Consider stem cell research. Under the proposed system, stem cell research would be designated a bimodal issue. During an election, your vote on stem cell research would be entered into the database. If you voted in favor of stem cell research, you may be taxed to support it, your embryos may be harvested for stem cells (these may be from embryos slated for destruction in any case) and if you develop a disease that requires stem cell derived therapy for its treatment, you will be eligible for it.

If you voted against stem cell research, you will not be taxed to support it, your embryos will not be harvested for stem cells and if you develop a disease you will be prohibited from pursuing treatments derived from stem cell research.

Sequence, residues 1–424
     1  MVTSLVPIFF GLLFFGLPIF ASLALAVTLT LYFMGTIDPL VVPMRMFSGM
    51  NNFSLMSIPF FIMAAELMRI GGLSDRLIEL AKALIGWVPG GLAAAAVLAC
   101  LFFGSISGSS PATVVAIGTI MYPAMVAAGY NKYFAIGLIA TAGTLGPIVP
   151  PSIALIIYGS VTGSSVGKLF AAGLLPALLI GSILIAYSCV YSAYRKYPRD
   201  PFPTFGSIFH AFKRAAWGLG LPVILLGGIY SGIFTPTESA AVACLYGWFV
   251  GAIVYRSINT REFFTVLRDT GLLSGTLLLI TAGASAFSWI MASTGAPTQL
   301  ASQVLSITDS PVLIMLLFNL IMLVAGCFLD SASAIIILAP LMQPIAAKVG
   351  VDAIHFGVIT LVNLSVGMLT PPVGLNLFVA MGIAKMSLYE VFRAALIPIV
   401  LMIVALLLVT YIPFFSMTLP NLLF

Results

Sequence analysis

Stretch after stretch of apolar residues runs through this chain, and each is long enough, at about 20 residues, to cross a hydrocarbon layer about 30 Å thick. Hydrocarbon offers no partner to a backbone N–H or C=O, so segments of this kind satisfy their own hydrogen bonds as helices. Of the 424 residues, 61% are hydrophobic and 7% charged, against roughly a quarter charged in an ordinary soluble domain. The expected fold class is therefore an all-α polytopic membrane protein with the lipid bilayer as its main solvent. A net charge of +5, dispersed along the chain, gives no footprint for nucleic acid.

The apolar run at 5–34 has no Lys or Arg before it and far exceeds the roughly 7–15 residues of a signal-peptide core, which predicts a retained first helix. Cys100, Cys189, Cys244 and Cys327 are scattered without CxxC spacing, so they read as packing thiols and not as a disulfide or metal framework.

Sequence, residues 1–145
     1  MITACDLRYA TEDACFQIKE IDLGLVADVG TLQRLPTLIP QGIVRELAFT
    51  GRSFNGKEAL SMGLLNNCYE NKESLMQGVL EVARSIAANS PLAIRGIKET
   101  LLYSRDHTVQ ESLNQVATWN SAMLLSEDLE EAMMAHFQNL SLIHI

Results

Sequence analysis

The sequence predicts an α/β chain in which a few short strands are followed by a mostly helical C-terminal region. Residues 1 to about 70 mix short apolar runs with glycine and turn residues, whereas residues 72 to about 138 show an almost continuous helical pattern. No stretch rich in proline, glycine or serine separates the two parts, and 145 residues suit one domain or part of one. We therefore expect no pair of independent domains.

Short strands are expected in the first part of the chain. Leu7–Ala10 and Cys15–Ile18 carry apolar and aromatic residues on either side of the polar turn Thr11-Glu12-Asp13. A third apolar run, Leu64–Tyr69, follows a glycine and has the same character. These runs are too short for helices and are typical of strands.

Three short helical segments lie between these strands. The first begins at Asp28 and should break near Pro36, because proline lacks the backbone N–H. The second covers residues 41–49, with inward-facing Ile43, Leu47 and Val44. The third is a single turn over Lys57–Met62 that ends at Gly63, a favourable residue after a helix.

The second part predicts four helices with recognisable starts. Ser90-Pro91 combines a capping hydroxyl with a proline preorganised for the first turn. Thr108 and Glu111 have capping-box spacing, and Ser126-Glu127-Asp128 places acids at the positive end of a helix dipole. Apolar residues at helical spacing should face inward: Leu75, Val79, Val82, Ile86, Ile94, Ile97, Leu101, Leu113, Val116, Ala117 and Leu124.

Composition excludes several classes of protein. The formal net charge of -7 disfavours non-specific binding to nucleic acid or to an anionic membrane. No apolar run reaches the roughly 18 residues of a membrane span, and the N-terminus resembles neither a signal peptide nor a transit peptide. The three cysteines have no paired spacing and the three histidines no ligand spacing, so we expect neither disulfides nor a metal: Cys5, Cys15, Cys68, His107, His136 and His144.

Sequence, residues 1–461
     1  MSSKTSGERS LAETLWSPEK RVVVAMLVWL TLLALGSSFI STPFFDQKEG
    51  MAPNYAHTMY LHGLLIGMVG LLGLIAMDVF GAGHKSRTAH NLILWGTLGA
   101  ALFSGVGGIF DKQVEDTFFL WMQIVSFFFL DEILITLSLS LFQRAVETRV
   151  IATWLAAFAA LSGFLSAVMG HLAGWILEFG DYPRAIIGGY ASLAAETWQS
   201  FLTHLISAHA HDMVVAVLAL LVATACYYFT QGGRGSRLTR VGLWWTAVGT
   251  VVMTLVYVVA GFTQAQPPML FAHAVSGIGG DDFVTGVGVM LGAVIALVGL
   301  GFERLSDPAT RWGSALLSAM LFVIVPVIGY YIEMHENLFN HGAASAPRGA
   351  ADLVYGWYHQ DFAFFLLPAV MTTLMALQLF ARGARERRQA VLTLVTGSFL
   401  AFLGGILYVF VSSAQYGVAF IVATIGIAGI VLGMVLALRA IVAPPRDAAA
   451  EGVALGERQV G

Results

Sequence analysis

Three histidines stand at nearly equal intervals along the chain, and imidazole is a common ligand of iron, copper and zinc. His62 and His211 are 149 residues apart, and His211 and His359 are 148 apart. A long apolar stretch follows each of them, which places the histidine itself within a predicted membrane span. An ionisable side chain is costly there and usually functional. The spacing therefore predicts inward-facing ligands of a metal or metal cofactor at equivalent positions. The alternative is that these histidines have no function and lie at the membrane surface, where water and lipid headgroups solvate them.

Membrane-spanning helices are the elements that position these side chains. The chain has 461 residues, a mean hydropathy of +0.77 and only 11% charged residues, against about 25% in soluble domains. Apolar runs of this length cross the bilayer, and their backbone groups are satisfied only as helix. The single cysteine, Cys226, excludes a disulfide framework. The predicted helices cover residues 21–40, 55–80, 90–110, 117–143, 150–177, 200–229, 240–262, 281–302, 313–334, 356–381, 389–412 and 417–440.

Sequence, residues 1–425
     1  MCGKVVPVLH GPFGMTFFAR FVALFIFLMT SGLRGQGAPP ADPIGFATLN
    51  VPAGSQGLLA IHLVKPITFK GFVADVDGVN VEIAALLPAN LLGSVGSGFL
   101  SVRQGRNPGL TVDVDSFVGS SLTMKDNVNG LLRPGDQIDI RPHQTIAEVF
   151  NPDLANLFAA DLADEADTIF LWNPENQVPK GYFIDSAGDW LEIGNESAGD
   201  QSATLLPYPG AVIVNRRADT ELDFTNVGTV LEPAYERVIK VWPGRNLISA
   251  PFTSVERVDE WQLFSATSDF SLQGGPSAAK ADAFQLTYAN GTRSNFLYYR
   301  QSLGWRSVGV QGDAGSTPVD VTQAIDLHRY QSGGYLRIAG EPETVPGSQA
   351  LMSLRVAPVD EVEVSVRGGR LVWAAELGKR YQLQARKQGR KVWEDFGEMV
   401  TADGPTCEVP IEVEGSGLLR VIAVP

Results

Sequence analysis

Abortion is another issue that would be designated a bimodal issue under the system of bimodal politics. If you vote against abortion, your tax dollars will not be used to support state-sponsored family planning programs or sex education, and you will be legally barred from having an abortion if you are female. If you are male and you impregnate a woman who has an abortion, and you voted against abortion, you will be held legally liable.

In either case, if you voted against abortion and your fetus or your partner's fetus is aborted, you will be prosecuted by the state. However, if you voted in favor of abortion, your fetus can be aborted, and your tax dollars may go to support state-sponsored family planning programs and sex education.

These examples illustrate the slogan that under bimodal politics, you live in the world you voted for.

2 points by qjz 10 hours ago 0 replies      
I'd be happy if they developed a protocol for testing the constitutionality of a law. That would have to be part of any experiment, since the effectiveness of a law is irrelevant if it's unconstitutional.